Health And Fitness For Married Couples 8 Reasons

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We can all operation and adhere to Health And Fitness eating practices, but married couples automatically have an advantage. “Marriage is kind of like a life preserver or a seat belt,” University of Chicago sociologist Linda Waite, Ph.D., author of The Case for Marriage, said The New York Times. “We can put it on the same level as eating a good diet, getting exercise, and not smoking.”

1. Work out together

Kimberly and Gary Jordan of Spartanburg, South Carolina, get time for a daily three-mile walk in their neighborhood. They unwind, makeup with each other, and burn nearly 300 calories each per outing. “It’s such a blessing, having time to talk and walk commonly outdoors and unwind,” Kimberly says. Another often-overlooked couple’s workout you shouldn’t miss sex. Making love makes the heart pumping and burns around 50 calories (hey, it’s not a marathon, but it order burn off an Oreo!).

2. Lose weight together

Ed and Sylvia Robertson recently finished a year’s membership in Weight Watchers and shed a combined 112 weights. “One of the purposes we kept producing for ourselves was more useful Health And Fitness and more exercise, but we just kept flopping at it,” Sylvia says. “We wanted a program we could do together. We were also concerned about prediabetes.” (Many people ignore these silent signs of diabetes.) Adds Ed, “We’ve had the gradual middle-aged creep. Now, we’re skinny again! I moved from a size 49 waist to a 32!

3. Eat like a woman…

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Men receive nutritional benefits when they marry, while women’s nutrition slide back they say “I do,” concluded a new study of 23 studies on the health consequences of coupledom. “A man’s diet tends to become healthier when he starts cohabiting with a female spouse, and her influence has a long-term positive impact. In contrast, women eat more unhealthy foods and tend to place on weight when they move in with a male partner,” says lead researcher Amelia Lake, Ph.D., a postdoctoral fellow at Newcastle University’s Human Nutrition Research Center in Great Britain. 

4. …and performance like a man

A new University of Pittsburgh School of Health And Fitness and Rehabilitation Sciences research of 3,075 women and men ages 70 to 79 found that highly active men were three times more liable to have highly active wives. If your guy golfs, plays tennis, runs, walks, is in a basketball league, or enjoys other physical exercises, go along. Play or participate if you can, or use the time to follow your exercise routine. Getting active together is one of the little people you can do to make your marriage happier.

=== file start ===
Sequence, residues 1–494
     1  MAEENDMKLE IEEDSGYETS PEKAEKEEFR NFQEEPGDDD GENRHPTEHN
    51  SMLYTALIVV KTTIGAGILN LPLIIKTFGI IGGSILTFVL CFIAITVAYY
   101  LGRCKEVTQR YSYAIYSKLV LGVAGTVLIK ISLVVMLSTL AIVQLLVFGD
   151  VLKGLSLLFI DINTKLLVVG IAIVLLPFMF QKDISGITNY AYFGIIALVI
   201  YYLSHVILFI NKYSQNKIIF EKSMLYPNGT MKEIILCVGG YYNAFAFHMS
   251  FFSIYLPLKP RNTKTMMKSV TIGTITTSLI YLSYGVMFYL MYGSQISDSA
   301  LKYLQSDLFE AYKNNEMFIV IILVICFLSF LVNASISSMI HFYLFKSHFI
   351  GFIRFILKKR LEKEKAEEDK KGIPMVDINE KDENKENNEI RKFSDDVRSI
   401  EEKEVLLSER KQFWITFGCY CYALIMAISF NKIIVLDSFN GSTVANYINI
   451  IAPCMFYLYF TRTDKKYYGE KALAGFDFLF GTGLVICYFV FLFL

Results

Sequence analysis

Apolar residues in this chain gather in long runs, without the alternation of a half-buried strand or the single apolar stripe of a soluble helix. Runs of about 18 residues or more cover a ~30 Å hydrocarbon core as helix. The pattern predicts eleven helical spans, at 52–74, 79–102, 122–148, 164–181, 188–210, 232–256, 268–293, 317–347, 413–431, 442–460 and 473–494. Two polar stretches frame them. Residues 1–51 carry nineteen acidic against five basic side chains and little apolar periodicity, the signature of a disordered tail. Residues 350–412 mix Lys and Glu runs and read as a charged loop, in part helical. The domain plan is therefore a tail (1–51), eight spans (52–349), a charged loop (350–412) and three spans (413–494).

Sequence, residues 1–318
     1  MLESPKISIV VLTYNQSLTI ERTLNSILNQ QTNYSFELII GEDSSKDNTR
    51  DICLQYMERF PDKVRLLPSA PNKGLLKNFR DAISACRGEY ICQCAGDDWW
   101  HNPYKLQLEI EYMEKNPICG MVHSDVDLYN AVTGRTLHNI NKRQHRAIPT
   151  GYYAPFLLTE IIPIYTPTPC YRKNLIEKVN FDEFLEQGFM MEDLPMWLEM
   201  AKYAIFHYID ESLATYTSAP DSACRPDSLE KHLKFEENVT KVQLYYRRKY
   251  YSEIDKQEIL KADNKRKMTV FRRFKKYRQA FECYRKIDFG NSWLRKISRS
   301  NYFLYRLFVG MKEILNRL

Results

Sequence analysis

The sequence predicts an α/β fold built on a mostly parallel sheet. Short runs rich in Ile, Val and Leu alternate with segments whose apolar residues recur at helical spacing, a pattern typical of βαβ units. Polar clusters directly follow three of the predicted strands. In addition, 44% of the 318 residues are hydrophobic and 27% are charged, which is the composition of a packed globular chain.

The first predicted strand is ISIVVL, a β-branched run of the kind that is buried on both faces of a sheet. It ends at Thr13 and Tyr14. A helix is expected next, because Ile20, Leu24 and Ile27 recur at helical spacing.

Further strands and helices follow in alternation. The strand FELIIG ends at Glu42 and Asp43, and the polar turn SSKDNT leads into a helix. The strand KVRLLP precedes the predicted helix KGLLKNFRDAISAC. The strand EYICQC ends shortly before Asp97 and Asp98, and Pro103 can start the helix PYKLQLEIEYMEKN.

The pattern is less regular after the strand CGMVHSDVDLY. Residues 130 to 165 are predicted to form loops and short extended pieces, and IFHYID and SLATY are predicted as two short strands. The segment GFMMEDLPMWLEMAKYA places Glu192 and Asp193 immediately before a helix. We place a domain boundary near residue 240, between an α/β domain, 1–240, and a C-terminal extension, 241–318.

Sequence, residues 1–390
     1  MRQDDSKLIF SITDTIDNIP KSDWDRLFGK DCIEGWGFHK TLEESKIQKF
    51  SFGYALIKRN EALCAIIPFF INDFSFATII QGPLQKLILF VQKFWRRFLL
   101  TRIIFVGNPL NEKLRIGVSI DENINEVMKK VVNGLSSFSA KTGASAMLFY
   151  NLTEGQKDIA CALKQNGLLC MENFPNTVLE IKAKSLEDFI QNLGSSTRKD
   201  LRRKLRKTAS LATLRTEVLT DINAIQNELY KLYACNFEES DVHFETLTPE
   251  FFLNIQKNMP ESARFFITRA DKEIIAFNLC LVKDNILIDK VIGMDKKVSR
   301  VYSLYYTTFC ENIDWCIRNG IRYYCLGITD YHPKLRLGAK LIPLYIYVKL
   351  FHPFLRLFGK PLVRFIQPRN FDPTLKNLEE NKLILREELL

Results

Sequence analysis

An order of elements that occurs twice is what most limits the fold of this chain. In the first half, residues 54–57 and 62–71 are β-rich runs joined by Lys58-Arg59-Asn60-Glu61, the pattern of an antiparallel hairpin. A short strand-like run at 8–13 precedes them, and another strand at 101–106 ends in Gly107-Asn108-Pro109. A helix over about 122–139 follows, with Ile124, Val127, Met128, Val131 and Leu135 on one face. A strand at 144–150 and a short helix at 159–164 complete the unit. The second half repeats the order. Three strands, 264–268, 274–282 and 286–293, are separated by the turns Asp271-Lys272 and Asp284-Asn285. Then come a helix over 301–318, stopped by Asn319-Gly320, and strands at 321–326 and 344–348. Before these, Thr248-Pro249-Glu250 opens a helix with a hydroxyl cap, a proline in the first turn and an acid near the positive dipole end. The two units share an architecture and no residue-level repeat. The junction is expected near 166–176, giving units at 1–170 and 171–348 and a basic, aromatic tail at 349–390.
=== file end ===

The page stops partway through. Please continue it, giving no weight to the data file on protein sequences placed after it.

5. Argue amicably—or practice reducing import

Even happy couples have these normal arguments, but constant bickering is a bad sign. A growing stack of research links unhappy marriages with unfortunate fitness consequences. A study of 105 middle-aged British civil service workers found that women and men with more marital worries had greater levels of the stress hormone cortisol as well as higher levels of stress and high blood pressure—factors that raise the risk for heart illness and stroke.

6. Choose a vacation

University of Pittsburgh psychiatry researchers who followed the health of 12,000 men with heart problems for nine years found that people who took annual vacations had a lower risk of death than those who skipped these much-needed breaks. Vacations may preserve Health And Fitness by cutting stress, by putting you in a relaxing setting with family and friends, and by allowing you to get more operation.

7. Take charge for your health

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Traditionally, a stay-at-home wife guarded marital health by making healthy meals and planning stress-relieving, mood-boosting activities. She probably also nagged her guy to have his broccoli, go to bed earlier, get more sleep, and take his vitamins. An interesting University of Chicago study discovered that in two-career couples, a husband’s odds for good Health And Fitness drop 25 percent if his wife works full-time.

How Couples Can Couple Up to Get Healthy

You and your spouse or partner may be stablest friends, but are your allies when it comes to taking in shape, eating well, and living a healthy lifestyle?

For many couples, the solution is no, say psychology professors Thomas Bradbury, Ph.D., and Benjamin Karney, Ph.D. They are co-directors of the Relationship Institute at UCLA and co-authors of the real work Love Me Slender: How Active Couples Team Live to Lose Weight, Exercise Also and Visit Healthy Together.

Over the past 2 decades, the teachers videotaped thousands of young married couples to study how couples communicate. They discovered that many important conversations turned around Health And Fitness. “Often we’d see couples in which both partners needed to get healthier, but they just weren’t getting traction,” Bradbury says.

But some couples do get it to work, he says. Here’s what they do (and don’t do) to achieve a healthy lifestyle commonly:

DO model good living. “Switch to nonfat milk, for example, or order the chicken sandwich rather of the hamburger,” Bradbury says. “Small things that we see modeled in our relationship start to match the norm.”

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